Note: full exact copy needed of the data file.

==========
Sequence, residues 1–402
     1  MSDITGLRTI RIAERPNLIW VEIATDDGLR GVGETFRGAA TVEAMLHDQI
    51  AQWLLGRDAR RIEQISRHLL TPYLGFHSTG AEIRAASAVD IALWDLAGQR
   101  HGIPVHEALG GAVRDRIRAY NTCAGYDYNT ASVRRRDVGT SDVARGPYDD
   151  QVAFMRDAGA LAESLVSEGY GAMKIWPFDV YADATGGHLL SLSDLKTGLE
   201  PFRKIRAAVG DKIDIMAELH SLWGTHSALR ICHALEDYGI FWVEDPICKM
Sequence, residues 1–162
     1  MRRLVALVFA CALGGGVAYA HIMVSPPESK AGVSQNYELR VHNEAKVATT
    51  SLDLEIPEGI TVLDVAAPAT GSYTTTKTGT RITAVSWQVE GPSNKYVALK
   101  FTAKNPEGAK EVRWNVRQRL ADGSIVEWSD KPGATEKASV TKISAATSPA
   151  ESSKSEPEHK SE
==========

Sequence, residues 1–402
     1  MSDITGLRTI RIAERPNLIW VEIATDDGLR GVGETFRGAA TVEAMLHDQI
    51  AQWLLGRDAR RIEQISRHLL TPYLGFHSTG AEIRAASAVD IALWDLAGQR
   101  HGIPVHEALG GAVRDRIRAY NTCAGYDYNT ASVRRRDVGT SDVARGPYDD
   151  QVAFMRDAGA LAESLVSEGY GAMKIWPFDV YADATGGHLL SLSDLKTGLE
   201  PFRKIRAAVG DKIDIMAELH SLWGTHSALR ICHALEDYGI FWVEDPICKM
Sequence, residues 1–162
     1  MRRLVALVFA CALGGGVAYA HIMVSPPESK AGVSQNYELR VHNEAKVATT
    51  SLDLEIPEGI TVLDVAAPAT GSYTTTKTGT RITAVSWQVE GPSNKYVALK
   101  FTAKNPEGAK EVRWNVRQRL ADGSIVEWSD KPGATEKASV TKISAATSPA
   151  ESSKSEPEHK SE